Evaluation of Pile Diameter Effects on Soil-Pile Stiffness Jens Wiemann 1, Kerstin Lesny 2, Werner Richwien 3 Institute for

Soil Mechanics and Foundation Engineering, University of Duisburg-Essen, Universitätsstr. 15, D-45117 Essen, Germany tel. ++49 (0)201-183 2857, fax ++49 (0)201-183 2870, www.uni-essen.de/grundbau/ 1 Dipl.-Ing., wiemann@hydromech.uni-hannover.de, 2 Dr.-Ing., kerstin.lesny@uni-essen.de, 3 Prof. Dr.-Ing., werner.richwien@uni-essen.de

Summary The applicability of the standard design method for laterally loaded piles (p-y method) to mono pile foundations was investigated. The Investigation was performed by analytical methods and three-dimensional finite element analysis reviewing the standard design methods and their assumptions. One of the major results was that the p-y method employs unreasonable high values for the soil stiffness at great depths when determining the necessary embedded length for large diameter piles having a high flexural rigidity beyond common experiences. As a solution a modification of the factor determining the increase of soil stiffness within the p-y method is suggested.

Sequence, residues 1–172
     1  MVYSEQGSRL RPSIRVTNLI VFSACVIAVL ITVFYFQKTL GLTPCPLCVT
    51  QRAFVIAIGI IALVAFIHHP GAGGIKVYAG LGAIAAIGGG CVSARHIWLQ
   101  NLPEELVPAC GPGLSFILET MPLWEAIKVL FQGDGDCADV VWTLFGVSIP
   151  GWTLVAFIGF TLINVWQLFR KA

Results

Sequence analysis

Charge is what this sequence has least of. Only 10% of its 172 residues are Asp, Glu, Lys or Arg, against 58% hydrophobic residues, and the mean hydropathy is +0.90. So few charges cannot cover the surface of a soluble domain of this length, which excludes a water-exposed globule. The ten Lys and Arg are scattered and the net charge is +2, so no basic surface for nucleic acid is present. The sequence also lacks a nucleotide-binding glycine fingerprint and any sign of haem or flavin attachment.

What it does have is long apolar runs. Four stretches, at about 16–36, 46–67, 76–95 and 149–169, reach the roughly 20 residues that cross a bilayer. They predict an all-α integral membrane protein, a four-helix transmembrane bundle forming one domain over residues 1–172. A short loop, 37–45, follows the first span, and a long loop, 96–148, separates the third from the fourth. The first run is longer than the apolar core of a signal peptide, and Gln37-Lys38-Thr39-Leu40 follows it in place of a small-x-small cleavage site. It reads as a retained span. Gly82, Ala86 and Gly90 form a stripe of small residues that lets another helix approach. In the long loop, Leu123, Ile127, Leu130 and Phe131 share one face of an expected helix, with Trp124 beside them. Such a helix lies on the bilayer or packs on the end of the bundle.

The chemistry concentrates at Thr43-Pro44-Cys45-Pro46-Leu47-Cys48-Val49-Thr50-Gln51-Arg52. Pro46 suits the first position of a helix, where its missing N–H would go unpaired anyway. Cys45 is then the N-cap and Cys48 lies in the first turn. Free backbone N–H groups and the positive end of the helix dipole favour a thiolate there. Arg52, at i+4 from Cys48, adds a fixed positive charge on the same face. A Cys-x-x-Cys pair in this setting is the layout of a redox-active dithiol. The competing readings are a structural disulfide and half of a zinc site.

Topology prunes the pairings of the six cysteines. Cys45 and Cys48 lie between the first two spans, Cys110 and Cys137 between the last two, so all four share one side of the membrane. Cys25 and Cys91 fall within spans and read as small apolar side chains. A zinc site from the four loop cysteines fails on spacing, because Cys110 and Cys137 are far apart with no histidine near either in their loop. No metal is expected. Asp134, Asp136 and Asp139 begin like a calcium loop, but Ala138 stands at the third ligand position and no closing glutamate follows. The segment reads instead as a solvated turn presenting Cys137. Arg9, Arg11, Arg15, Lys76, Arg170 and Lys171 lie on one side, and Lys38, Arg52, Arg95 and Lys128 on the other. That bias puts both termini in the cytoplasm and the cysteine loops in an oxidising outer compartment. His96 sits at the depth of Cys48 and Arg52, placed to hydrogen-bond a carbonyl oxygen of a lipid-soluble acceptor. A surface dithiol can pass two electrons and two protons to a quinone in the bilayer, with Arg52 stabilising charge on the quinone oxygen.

1 Introduction Mono pile foundations transfer moments and lateral forces into the subsoil by horizontal subgrade reaction. A certain embedded length is necessary to ensure that the pile can be considered as rigidly restrained in the soil. The pile-soil system is modelled as a beam on elastic springs (fig. 1). The material behaviour of the soil is described by non-linear springs. The spring characteristics are defined by a relation between the subgrade reaction per unit length of the pile p and the horizontal pile deflection y (p-y curve). These curves were derived from field tests performed with piles of 0.6 m diameter. For cohesionless soil (“sand”) Reese et al. [1] calculated the subgrade reaction p for defined characteristic values of the pile deflection and connected these points by straight lines and a parabola (fig. 1) resulting in the p-y curves for “sand”.